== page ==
Tang, TLP, Sutarso, T, Ansari, MA, Lim, VKG, Teo, TSH, Arias-Galicia, F, Garber, IE, Chiu, RKK, Charles-Pauvers, B, Luna-Arocas, R, Vlerick, P, Akande, A, Allen, MW, Al-Zubaidi, AS, Borg, MG, Canova, L, Cheng, BS, Correia, R, du, L, Garcia de la Torre, C, Ibrahim, AHS, Jen, CK, Kazem, AM, Kim, K, Liang, J, Malovics, E, Manganelli, AM, Moreira, AS, Mpoyi, RT, Nnedum, AUO, Osagie, JE, Osman-Gani, AAM, Özbek, MF, Pereira, FJC, Pholsward, R, Pitariu, HD, Polic, M, Sardžoska, EG, Skobic, P, Stembridge, AF, Tang, TLN, Urbain, C, Trontelj, M, Chen, J & Tang, N 2015, 'Monetary Intelligence and Behavioral Economics Across 32 Cultures: Good Apples Enjoy Good Quality of Life in Good Barrels', Journal of Business Ethics, pp. 1-25. https://doi.org/10.1007/s10551-015-2980-y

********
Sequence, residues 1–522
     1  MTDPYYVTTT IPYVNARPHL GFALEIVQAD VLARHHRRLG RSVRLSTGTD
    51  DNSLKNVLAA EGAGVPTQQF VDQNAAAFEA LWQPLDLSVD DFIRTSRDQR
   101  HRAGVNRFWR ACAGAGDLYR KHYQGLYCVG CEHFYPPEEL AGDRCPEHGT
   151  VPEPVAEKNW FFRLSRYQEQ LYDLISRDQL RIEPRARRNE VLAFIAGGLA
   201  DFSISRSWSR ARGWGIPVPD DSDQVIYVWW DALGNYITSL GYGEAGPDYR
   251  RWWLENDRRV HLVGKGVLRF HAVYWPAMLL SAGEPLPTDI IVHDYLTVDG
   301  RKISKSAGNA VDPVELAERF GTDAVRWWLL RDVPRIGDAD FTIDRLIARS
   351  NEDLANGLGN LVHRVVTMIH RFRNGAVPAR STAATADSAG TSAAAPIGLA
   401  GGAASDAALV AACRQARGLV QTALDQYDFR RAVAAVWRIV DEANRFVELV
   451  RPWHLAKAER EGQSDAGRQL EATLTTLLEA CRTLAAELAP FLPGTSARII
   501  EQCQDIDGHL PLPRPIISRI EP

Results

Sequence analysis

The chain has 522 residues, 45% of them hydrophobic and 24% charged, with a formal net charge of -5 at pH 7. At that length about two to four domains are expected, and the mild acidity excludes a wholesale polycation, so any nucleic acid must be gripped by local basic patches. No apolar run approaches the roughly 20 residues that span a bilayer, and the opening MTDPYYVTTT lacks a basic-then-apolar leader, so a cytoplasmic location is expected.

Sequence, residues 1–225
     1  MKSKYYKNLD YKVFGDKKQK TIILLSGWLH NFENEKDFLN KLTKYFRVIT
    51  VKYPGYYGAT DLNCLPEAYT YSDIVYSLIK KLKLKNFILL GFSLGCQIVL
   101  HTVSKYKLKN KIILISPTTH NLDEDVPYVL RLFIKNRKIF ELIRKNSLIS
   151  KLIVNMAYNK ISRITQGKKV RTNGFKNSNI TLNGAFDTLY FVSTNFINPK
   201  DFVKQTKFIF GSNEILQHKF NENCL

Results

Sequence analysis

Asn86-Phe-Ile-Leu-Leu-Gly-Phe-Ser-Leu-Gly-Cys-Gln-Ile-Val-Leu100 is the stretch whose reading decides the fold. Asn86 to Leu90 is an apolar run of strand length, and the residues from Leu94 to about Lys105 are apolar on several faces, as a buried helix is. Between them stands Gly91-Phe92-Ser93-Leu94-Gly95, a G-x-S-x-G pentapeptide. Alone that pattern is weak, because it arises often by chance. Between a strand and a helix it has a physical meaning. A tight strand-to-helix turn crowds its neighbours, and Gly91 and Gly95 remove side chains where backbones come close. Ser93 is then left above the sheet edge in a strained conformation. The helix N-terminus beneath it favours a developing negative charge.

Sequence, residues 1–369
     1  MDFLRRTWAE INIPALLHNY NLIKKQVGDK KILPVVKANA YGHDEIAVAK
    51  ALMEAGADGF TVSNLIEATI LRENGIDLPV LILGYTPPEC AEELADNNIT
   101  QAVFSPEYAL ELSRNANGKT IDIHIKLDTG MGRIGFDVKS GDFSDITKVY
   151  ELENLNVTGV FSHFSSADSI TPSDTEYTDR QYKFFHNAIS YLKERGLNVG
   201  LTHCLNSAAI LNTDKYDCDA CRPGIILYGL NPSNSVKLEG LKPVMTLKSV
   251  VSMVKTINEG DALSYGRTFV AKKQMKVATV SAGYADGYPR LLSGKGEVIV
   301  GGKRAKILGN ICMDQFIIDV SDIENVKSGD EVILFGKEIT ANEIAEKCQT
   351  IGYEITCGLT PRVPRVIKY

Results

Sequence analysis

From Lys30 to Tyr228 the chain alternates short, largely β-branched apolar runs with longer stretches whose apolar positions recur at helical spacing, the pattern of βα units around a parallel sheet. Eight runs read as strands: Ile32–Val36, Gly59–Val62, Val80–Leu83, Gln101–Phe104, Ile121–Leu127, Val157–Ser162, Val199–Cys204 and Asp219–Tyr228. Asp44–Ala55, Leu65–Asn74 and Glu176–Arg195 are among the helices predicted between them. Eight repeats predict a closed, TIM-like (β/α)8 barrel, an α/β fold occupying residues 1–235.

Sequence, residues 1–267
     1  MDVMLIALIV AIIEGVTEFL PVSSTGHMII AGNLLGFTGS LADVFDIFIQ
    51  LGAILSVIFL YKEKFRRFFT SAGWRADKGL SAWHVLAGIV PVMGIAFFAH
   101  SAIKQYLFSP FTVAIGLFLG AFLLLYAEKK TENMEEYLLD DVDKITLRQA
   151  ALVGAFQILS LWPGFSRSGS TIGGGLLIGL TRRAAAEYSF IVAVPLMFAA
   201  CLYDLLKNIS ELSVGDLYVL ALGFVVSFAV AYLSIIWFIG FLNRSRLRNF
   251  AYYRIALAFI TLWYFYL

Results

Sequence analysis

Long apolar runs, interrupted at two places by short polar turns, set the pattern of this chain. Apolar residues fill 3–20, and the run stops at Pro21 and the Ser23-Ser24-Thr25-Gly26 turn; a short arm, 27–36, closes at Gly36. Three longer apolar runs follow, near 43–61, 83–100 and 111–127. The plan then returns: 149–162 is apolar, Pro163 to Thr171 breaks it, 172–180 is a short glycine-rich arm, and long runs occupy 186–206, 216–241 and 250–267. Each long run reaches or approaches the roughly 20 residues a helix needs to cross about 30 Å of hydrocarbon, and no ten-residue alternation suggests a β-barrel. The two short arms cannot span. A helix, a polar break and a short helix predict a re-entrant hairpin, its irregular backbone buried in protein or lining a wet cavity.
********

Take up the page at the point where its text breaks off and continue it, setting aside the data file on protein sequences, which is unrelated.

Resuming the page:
Tang, Thomas Li Ping ; Sutarso, Toto ; Ansari, Mahfooz A. ; Lim, Vivien Kim Geok ; Teo, Thompson Sian Hin ; Arias-Galicia, Fernando ; Garber, Ilya E. ; Chiu, Randy Ki Kwan ; Charles-Pauvers, Brigitte ; Luna-Arocas, Roberto ; Vlerick, Peter ; Akande, Adebowale ; Allen, Michael W. ; Al-Zubaidi, Abdulgawi Salim ; Borg, Mark G. ; Canova, Luigina ; Cheng, Bor Shiuan ; Correia, Rosario ; du, Linzhi ; Garcia de la Torre, Consuelo ; Ibrahim, Abdul Hamid Safwat ; Jen, Chin Kang ; Kazem, Ali Mahdi ; Kim, Kilsun ; Liang, Jian ; Malovics, Eva ; Manganelli, Anna Maria ; Moreira, Alice S. ; Mpoyi, Richard T. ; Nnedum, Anthony Ugochukwu Obiajulu ; Osagie, Johnsto E. ; Osman-Gani, AAhad M. ; Özbek, Mehmet Ferhat ; Pereira, Francisco José Costa ; Pholsward, Ruja ; Pitariu, Horia D. ; Polic, Marko ; Sardžoska, Elisaveta Gjorgji ; Skobic, Petar ; Stembridge, Allen F. ; Tang, Theresa Li Na ; Urbain, Caroline ; Trontelj, Martina ; Chen, Jingqiu ; Tang, Ningyu. / Monetary Intelligence and Behavioral Economics Across 32 Cultures : Good Apples Enjoy Good Quality of Life in Good Barrels. In: Journal of Business Ethics. 2015 ; pp. 1-25.